Partie de campagne

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Partie de campagne
Partie de campagne.jpg
Directed by Jean Renoir
Produced by Pierre Braunberger
Written by Jean Renoir
Starring Sylvia Bataille
Georges D'Arnoux
Jane Marken
André Gabriello
Jacques B. Brunius
Paul Temps
Distributed by Joseph Burstyn Inc. (1950 US release)
Release dates 5 May 1946
Running time 40 minutes
Country France
Language French

Partie de campagne (pronounced: [paʁ.ti də kɑ̃.paɲ]; "A Day in the Country") is a 1936 French featurette written and directed by Jean Renoir, based on a short story by Guy de Maupassant, who was a friend of Renoir's father, the renowned painter Auguste Renoir.[1] It chronicles a love affair over a single summer afternoon in 1860, along the banks of the Seine.[2]

Renoir never finished filming due to weather problems, but producer Pierre Braunberger turned the material into a release in 1946, ten years after it was shot. Joseph Burstyn released the film in the U.S. in 1950.[1]

Plot[edit]

Monsieur Dufour (André Gabriello), a shop-owner from Paris, takes his family for a day of relaxation in the country. When they stop for lunch at the roadside restaurant of Poulain (Jean Renoir), two young men there, Henri (Georges D'Arnoux) and Rodolphe (Jacques B. Brunius), take an interest in Dufour's daughter Henriette (Sylvia Bataille) and wife Madame Dufour (Jane Marken). They scheme to get the two women off alone with them. They offer to row them along the river in their skiffs, while they divert Dufour and his shop assistant and future son-in-law, Anatole (Paul Temps), by lending them some fishing poles. Though Rodolphe had arranged beforehand to take Henriette, Henri maneuvers it so that she gets into his skiff. Rodolphe then good-naturedly settles for Madame Dufour.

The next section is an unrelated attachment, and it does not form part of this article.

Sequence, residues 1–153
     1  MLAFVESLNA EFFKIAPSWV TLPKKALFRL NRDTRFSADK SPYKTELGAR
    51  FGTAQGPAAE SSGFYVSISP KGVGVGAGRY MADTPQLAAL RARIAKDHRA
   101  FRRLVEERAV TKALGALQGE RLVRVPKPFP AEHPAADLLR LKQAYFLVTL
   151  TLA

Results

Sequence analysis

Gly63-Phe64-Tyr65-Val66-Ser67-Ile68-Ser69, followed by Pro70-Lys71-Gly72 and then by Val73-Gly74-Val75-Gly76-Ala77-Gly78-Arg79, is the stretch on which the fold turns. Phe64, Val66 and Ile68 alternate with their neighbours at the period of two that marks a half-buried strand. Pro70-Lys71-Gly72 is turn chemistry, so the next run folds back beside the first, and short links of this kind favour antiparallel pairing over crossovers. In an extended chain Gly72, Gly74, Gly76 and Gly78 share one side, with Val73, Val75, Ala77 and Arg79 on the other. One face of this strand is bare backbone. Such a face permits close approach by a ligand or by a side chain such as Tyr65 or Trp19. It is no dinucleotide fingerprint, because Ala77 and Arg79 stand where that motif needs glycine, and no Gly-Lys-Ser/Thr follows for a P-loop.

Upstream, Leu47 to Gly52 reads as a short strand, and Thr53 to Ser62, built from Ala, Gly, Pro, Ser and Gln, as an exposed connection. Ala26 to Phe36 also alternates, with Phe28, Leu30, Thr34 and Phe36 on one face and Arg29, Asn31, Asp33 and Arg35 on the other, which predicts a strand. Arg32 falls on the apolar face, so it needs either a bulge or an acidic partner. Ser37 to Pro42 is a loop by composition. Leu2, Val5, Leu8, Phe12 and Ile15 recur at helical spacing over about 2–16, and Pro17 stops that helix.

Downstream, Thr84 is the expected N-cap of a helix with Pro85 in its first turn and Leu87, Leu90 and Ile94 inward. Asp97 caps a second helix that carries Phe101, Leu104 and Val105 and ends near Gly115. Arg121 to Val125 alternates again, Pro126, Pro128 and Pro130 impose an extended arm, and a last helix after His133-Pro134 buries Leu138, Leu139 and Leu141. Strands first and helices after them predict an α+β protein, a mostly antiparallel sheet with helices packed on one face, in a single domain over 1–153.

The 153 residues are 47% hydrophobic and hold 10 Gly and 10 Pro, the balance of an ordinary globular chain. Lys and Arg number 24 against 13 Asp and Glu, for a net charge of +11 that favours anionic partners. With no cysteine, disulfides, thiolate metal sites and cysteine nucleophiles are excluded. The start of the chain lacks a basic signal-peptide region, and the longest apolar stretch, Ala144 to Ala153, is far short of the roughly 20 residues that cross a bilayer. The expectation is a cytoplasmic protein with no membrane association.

Henri rows to a secluded spot on the riverbank which he refers to as his "private office". Though Henriette initially rebuffs his amorous advances, she eventually gives in. He asks her to come see him again, but she says that her father would never permit her to venture into the countryside by herself.

Years pass, and Henriette marries Anatole. One day, they end up at the place where Henri seduced Henriette. While Anatole dozes, his wife takes a walk, and encounters Henri. With tears in her eyes, she reminisces about their brief time together. Then, when Anatole wakes up, Henri hides until they leave.

Cast[edit]

Production[edit]

Future leading directors Jacques Becker and Luchino Visconti worked as Renoir's assistant directors.[3] Partie de campagne was shot in July, soon after France had elected the Popular Front government, and employers had negotiated the Matignon agreement, providing wage increases, 40-hour weeks, trade union rights, paid holidays and improved social services.[4]

References[edit]

  1. ^ a b "Partie de campagne". British Film Institute. Retrieved 2014-06-17. [dead link]
  2. ^ Armstrong, Richard. "Partie de campagne". The Film Journal. Retrieved 2007-01-06. 
  3. ^ "Partie de campagne". IMDb. Retrieved 2007-01-06. 
  4. ^ Leahy, James. "Jean Renoir". Senses of Cinema. Archived from the original on 2007-01-05. Retrieved 2007-01-06. 

External links[edit]